Union and its allies, as well as China, India, and Latin America, opened their closed markets to foreign invest- ment in a cascading fashion. Although this significant economic and social transformation has offered vast new growth opportunities for multinational corporations (MNCs), its promise has yet to be realized.
First, the prospect of millions of \u201cmiddle-class\u201d con- sumers in developing countries, clamoring for products from MNCs, was wildly oversold. To make matters worse, the Asian and Latin American financial crises have greatly diminished the attractiveness of emerging markets. As a consequence, many MNCs worldwide slowed investments and began to rethink risk\u2013reward structures for these markets. This retreat could become even more pronounced in the wake of the terrorist
The lackluster nature of most MNCs\u2019 emerging- market strategies over the past decade does not change the magnitude of the opportunity, which is in reality much larger than previously thought. The real source of market promise is not the wealthy few in the developing world, or even the emerging middle-income consumers: It is the billions of aspiring poorwho are joining the
This is a time for MNCs to look at globalization strategies through a new lens of inclusive capitalism. For companies with the resources and persistence to com- pete at the bottom of the world economic pyramid, the prospective rewards include growth, profits, and incal- culable contributions to humankind. Countries that still don\u2019t have the modern infrastructure or products to
meet basic human needs are an ideal testing ground for developing environmentally sustainable technologies and products for the entire world.
Furthermore, MNC investment at\u201cthe bottom of the pyramid\u201d means lifting billions of people out of poverty and desperation, averting the social decay, polit- ical chaos, terrorism, and environmental meltdown that is certain to continue if the gap between rich and poor countries continues to widen.
Doing business with the world\u2019s 4 billion poorest people\u2014 two-thirds of the world\u2019s population\u2014 will require radical innovations in technology and business models. It will require MNCs to reevaluate price\u2013 performance relationships for products and services. It will demand a new level of capital efficiency and new ways of measuring financial success. Companies will be forced to transform their understanding of scale, from a
In short, the poorest populations raise a prodigious new managerial challenge for the world\u2019s wealthiest companies: selling to the poor and helping them improve their lives by producing and distributing prod- ucts and services in culturally sensitive, environmentally sustainable, and economically profitable ways.
At the very top of the world economic pyramid are 75 to 100 million affluent Tier 1 consumers from around the world. (See Exhibit 1.) This is a cosmopolitan group composed of middle- and upper-income people in developed countries and the few rich elites from the developing world. In the middle of the pyramid, in Tiers 2 and 3, are poor customers in developed nations and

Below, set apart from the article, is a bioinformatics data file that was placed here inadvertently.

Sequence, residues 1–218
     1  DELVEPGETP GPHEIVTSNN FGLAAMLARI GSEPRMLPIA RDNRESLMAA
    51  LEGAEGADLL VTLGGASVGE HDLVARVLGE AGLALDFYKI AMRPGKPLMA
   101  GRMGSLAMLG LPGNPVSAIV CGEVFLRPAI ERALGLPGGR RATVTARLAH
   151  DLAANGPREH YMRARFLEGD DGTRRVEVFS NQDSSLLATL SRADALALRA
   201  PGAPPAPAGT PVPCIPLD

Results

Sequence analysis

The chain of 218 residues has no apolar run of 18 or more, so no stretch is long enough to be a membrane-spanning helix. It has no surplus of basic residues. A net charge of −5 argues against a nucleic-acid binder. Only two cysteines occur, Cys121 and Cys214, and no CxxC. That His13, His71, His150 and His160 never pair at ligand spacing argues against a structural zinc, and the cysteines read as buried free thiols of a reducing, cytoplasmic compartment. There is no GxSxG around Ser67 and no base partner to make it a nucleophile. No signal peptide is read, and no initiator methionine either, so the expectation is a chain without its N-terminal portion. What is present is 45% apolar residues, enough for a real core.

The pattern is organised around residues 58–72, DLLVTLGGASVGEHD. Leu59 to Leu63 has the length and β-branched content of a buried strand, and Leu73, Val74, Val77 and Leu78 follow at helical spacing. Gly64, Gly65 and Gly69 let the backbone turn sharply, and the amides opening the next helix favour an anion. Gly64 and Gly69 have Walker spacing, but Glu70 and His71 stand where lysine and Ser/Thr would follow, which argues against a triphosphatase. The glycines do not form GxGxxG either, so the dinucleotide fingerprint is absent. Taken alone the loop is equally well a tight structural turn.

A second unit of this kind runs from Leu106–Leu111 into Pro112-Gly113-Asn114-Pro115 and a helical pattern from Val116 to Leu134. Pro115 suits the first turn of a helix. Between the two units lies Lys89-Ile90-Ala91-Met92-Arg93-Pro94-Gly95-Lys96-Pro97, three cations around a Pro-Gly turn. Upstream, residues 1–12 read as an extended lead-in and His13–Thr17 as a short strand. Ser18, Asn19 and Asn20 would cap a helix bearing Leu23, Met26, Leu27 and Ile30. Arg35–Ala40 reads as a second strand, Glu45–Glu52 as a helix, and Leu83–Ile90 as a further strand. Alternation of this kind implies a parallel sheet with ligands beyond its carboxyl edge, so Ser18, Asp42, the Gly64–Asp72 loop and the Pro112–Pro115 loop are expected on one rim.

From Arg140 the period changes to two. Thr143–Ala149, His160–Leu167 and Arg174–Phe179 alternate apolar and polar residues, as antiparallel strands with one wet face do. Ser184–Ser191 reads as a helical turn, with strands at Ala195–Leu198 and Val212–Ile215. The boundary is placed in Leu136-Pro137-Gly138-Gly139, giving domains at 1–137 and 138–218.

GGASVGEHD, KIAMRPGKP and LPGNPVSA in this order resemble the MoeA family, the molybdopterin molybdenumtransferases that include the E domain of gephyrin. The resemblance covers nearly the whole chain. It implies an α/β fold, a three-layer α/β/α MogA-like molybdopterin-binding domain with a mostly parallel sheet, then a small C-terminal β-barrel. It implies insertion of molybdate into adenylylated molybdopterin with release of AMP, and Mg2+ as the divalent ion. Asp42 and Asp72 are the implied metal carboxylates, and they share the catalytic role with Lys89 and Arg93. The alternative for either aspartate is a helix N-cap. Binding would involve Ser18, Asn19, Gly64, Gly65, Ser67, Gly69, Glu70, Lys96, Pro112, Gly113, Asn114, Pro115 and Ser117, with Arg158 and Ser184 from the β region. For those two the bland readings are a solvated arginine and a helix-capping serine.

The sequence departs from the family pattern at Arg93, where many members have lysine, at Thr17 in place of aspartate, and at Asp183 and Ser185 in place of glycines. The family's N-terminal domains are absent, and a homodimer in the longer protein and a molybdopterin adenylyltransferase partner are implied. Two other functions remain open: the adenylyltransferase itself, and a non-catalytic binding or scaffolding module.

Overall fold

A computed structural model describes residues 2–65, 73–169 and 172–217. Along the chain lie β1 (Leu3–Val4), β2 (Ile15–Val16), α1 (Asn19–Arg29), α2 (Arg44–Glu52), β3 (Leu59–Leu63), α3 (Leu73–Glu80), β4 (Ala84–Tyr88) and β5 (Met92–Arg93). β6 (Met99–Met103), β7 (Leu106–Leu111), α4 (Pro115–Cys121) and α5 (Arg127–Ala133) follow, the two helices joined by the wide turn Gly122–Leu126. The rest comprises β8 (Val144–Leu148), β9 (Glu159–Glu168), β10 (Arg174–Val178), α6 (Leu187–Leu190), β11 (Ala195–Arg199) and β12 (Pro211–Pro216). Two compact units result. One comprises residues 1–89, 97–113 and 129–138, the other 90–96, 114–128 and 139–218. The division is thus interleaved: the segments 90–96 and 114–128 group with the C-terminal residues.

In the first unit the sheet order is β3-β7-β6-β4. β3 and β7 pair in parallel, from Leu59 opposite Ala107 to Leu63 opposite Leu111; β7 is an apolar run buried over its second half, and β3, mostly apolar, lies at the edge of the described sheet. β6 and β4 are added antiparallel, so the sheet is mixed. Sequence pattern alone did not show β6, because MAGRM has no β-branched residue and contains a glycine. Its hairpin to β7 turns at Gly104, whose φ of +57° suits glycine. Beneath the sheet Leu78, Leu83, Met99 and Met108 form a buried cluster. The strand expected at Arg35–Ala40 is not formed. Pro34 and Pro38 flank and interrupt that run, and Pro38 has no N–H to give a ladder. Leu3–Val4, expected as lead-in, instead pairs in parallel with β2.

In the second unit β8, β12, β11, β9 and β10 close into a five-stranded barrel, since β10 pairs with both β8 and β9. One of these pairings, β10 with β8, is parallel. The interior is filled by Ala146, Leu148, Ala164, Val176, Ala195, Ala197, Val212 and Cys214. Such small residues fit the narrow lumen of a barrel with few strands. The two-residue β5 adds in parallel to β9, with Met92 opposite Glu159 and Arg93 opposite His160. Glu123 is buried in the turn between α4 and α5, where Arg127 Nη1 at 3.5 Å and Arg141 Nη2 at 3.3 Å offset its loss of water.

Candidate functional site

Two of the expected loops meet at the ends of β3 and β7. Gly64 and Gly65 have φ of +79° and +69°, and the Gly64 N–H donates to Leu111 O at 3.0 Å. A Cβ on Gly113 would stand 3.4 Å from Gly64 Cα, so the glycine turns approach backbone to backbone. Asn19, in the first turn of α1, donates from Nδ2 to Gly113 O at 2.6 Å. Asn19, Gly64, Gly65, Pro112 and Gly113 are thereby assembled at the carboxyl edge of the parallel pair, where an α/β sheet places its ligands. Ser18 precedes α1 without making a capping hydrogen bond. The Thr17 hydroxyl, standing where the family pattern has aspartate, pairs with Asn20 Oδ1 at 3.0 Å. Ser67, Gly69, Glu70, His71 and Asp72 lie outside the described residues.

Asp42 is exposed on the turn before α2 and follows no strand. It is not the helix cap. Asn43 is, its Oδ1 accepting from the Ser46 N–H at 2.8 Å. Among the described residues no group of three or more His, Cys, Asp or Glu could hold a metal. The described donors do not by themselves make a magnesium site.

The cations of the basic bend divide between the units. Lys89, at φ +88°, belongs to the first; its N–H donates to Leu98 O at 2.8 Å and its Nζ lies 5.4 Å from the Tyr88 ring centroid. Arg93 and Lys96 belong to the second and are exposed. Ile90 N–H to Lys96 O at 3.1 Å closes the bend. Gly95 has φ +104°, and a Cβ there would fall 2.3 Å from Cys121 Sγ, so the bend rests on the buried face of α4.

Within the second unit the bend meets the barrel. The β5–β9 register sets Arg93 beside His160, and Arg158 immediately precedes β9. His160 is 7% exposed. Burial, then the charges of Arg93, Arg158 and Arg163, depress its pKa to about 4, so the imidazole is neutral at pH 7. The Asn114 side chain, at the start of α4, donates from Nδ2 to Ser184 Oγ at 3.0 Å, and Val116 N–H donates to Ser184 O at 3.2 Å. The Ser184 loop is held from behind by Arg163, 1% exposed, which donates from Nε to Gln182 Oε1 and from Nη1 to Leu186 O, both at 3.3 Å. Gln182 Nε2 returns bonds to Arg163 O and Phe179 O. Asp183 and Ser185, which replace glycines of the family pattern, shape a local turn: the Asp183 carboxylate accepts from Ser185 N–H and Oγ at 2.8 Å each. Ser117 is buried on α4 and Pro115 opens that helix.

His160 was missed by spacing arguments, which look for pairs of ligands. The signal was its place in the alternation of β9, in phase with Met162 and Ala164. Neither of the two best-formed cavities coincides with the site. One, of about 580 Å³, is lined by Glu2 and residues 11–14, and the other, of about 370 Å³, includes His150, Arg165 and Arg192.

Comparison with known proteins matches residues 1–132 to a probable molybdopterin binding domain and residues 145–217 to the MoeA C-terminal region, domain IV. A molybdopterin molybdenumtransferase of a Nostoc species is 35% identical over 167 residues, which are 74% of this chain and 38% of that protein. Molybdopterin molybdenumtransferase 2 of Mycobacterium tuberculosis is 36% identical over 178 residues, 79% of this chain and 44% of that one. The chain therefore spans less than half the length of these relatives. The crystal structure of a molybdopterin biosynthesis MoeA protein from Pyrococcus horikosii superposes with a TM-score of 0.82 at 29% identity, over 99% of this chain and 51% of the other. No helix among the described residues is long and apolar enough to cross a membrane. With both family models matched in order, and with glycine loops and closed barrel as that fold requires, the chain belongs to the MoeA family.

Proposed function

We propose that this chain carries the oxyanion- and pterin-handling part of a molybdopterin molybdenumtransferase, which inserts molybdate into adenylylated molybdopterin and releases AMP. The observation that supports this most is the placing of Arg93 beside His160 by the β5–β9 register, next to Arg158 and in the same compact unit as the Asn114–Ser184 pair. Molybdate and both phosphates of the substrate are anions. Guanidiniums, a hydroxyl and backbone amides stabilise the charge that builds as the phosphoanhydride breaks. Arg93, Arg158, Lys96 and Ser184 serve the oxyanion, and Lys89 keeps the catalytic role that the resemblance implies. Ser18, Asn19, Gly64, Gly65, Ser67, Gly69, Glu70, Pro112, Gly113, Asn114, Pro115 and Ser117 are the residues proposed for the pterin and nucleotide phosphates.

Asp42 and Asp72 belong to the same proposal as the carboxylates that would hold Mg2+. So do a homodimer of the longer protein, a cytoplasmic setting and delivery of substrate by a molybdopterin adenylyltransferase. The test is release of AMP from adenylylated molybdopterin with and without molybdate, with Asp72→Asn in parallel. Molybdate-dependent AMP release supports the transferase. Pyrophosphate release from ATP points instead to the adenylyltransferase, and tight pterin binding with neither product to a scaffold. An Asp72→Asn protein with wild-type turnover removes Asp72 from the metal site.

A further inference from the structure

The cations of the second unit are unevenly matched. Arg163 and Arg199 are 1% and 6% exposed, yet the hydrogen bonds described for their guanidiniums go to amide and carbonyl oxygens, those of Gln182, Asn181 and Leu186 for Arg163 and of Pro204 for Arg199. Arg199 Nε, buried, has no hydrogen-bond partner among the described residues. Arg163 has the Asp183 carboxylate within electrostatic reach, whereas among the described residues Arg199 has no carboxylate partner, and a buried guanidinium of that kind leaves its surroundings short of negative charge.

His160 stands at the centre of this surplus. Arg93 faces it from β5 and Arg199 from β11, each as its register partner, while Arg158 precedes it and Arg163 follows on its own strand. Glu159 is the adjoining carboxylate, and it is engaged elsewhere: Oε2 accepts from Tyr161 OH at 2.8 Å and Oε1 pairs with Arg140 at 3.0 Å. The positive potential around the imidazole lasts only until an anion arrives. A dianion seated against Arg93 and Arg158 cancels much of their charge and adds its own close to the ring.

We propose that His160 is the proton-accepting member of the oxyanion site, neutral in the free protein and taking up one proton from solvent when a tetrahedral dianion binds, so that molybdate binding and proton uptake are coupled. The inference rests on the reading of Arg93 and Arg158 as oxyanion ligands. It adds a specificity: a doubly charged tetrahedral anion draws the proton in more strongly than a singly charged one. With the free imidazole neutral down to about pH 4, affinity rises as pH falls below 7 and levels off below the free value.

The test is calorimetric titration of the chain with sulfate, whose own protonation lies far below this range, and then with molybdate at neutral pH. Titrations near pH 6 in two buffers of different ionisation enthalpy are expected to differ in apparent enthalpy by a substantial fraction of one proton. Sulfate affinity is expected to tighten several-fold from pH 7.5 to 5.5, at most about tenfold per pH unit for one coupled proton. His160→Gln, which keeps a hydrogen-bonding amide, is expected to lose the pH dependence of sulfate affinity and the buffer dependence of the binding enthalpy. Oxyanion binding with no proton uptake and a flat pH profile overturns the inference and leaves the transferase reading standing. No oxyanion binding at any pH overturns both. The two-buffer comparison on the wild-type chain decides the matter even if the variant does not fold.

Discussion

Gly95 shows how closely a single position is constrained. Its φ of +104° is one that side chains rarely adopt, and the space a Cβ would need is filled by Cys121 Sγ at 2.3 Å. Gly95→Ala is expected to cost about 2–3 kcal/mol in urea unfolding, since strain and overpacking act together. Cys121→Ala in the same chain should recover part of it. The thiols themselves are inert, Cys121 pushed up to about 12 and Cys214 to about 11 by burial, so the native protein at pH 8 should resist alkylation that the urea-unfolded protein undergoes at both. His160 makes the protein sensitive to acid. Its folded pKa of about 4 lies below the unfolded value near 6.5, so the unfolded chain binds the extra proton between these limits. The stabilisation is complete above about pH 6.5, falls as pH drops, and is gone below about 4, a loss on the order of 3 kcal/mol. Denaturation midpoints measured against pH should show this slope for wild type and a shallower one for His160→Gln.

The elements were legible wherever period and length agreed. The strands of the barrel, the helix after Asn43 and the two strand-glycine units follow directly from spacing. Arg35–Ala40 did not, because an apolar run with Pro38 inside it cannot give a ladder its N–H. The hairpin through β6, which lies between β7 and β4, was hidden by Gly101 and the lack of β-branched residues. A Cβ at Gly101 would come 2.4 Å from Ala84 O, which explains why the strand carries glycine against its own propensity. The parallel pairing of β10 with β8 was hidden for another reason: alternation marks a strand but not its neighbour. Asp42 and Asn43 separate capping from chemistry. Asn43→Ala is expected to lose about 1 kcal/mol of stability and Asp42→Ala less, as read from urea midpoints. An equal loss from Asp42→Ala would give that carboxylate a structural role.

is less than $1,500, the minimum considered necessary to sustain a decent life. For well over a billion people\u2014 roughly one-sixth of humanity\u2014 per capita income is less than $1 per day.
Even more significant, the income gap between rich and poor is growing. According to the United Nations, the richest 20 percent in the world accounted for about 70 percent of total income in 1960. In 2000, that figure reached 85 percent. Over the same period, the fraction of income accruing to the poorest 20 percent in the world fell from 2.3 percent to 1.1 percent.
This extreme inequity of wealth distribution rein- forces the view that the poor cannot participate in the global market economy, even though they constitute the majority of the population. In fact, given its vast size, Tier 4 represents a multitrillion-dollar market. According to World Bank projections, the population at the bottom of the pyramid could swell to more than 6 billion people over the next 40 years, because the bulk of the world\u2019s population growth occurs there.
The perception that the bottom of the pyramid is not a viable market also fails to take into account the growing importance of the informal economy among the poorest of the poor, which by some estimates accounts for 40 to 60 percent of all economic activity in developing countries. Most Tier 4 people live in rural villages, or urban slums and shantytowns, and they usu- ally do not hold legal title or deed to their assets (e.g., dwellings, farms, businesses). They have little or no for-
(firstname.lastname@example.org) is the
Harvey C. Fruehauf Professor
of Business Administration at
the University of Michigan
Business School, Ann Arbor.
He is also the founder and
chairman of Praja Inc., a
pioneer company in interactive
event experiences, based in
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(email@example.com) is profes-
sor of strategic management,
Sarah Graham Kenan
Distinguished Scholar, and
codirector of the Center for
Sustainable Enterprise at the
University of North Carolina\u2019s
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